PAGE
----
Australians Urged to Send Facebook Intimate Images before They Can be Shared in Revenge


There are a number of reasons that some of your more-intimate snaps, should you choose to take them, may fall into nefarious hands; maybe your phone was stolen or hacked, or perhaps you’re worried in the aftermath of a bitter breakup. In these situations the biggest fear is that those pictures may be shared on online platforms, be that publicly or privately, bringing untold misery, humiliation and embarrassment upon the subject.

You would hope that this would be a rare occurrence if it indeed happened at all, but current figures and recent headlines both tell a very different story. This fact has not escaped the notice of Australian e-safety commissioner Julie Inman Grant, who told ABC, “We see many scenarios where maybe photos or videos were taken consensually at one point, but there was not any sort of consent to send the images or videos more broadly.”

According to Ms Inman Grant, one-in-five Australian women aged 18-45 and one-in-four Indigenous Australians are victims of such abuse.

Now in an effort to prevent such private images from being shared online in an act of what has become known as ‘revenge-porn’, the Australian Government’s e-Safety Department is partnering with Facebook to launch an initiative whereby users who may be worried about their intimate photos being shared online can contact the e-Safety Commissioner, who may then make the rather unexpected suggestion that they act pre-emptively and send the images to themselves via Messenger.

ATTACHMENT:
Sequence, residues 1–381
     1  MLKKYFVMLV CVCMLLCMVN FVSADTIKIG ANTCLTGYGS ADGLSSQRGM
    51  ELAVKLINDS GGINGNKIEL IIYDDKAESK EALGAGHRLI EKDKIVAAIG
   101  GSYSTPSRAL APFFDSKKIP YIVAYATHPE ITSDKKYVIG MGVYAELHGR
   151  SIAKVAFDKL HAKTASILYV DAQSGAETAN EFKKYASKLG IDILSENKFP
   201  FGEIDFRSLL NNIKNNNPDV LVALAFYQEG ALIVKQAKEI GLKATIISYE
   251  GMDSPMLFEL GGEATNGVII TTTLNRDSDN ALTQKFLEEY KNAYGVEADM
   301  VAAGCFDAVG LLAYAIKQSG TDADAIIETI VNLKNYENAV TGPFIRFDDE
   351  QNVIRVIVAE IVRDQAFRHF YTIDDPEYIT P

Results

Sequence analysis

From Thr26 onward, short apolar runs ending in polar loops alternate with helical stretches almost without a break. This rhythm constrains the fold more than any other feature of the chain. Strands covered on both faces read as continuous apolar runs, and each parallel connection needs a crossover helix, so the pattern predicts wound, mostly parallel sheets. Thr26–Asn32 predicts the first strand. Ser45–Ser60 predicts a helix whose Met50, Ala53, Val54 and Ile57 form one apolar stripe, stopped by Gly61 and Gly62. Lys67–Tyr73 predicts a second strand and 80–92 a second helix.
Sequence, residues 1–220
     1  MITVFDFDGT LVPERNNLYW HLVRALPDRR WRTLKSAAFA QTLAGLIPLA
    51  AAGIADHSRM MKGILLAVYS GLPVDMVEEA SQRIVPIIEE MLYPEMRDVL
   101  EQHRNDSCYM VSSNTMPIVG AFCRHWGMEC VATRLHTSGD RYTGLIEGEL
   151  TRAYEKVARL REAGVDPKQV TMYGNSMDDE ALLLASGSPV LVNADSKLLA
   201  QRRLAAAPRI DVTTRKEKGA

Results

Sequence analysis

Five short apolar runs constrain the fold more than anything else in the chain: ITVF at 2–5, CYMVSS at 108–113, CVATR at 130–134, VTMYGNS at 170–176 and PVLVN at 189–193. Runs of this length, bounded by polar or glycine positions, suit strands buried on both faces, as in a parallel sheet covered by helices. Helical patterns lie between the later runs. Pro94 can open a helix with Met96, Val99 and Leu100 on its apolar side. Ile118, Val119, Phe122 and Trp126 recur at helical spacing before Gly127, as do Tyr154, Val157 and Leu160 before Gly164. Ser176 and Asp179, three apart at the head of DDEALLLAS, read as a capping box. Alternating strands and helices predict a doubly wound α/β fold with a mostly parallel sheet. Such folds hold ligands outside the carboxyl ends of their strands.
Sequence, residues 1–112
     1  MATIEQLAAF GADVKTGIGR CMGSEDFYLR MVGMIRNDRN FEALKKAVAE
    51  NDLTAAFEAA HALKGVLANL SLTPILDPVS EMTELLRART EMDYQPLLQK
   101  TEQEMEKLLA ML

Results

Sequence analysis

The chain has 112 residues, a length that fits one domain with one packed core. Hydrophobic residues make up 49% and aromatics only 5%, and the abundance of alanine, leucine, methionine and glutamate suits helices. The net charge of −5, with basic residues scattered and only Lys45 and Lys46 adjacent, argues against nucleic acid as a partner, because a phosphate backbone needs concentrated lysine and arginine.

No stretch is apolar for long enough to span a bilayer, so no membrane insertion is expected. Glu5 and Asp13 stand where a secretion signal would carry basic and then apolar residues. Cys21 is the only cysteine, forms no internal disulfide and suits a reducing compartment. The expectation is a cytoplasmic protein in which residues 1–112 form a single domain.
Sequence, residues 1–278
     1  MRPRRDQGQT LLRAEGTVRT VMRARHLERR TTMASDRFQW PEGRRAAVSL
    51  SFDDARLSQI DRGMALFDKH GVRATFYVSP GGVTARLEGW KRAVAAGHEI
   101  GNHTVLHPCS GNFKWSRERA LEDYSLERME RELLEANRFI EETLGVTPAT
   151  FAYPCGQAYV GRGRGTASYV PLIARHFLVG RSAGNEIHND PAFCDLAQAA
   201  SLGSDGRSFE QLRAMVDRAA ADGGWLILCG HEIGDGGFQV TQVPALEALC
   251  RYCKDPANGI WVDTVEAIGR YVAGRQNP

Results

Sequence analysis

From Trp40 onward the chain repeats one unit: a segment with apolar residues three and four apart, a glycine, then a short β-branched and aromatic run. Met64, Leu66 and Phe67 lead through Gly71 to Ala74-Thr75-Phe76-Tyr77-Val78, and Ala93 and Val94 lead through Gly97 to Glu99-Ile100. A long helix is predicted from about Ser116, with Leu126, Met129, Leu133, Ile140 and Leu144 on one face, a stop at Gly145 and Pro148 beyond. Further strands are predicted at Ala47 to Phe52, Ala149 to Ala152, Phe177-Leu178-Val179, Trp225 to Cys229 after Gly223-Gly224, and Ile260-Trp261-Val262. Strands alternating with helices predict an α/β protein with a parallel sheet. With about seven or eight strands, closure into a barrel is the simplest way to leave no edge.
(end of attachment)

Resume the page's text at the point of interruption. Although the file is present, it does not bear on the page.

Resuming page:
While it may seem counter-intuitive to upload private photos to an online social media platform in an effort to stop them being spread on, well, an online social media platform (in many cases the same exact one), there is a little more sense behind the idea than it may first appear.

“It would be like sending yourself your image in email, but obviously this is a much safer, secure end-to-end way of sending the image without sending it through the ether,” Ms Inman Grant explained.

Once received, the image will then be “hashed” by Facebook and converted into a code or digital fingerprint, while the photo itself is not saved. If another user subsequently tries to upload the same image Facebook’s algorithms will recognise the digital fingerprint and not allow it to be posted, so you can proceed without worry that your privacy may be violated on the platform.

“They’re not storing the image; they’re storing the link and using artificial intelligence and other photo-matching technologies,” clarified Ms Inman Grant. “So if somebody tried to upload that same image, which would have the same digital footprint or hash value, it will be prevented from being uploaded.”

Antigone Davis, Head of Global Safety at Facebook, told ABC that Australia is in fact one of four countries participating in the “industry-first” program, which utilises “cutting-edge technology” in an effort to prevent the re-sharing of images on its platforms.

“The safety and wellbeing of the Facebook community is our top priority,” concluded Ms Davis.

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